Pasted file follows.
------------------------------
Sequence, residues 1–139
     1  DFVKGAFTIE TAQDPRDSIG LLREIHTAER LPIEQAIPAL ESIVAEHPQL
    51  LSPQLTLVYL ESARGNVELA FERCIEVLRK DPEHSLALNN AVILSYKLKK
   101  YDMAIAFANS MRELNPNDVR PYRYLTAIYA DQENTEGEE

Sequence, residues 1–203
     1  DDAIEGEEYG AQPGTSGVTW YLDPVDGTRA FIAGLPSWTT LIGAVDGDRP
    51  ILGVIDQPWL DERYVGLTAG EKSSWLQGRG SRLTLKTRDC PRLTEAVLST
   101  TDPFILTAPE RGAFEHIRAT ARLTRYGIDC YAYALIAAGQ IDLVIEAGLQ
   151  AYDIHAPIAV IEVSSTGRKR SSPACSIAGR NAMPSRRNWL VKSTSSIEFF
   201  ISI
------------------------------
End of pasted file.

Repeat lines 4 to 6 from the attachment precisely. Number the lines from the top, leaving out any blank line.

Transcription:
   101  YDMAIAFANS MRELNPNDVR PYRYLTAIYA DQENTEGEE

Sequence, residues 1–203
     1  DDAIEGEEYG AQPGTSGVTW YLDPVDGTRA FIAGLPSWTT LIGAVDGDRP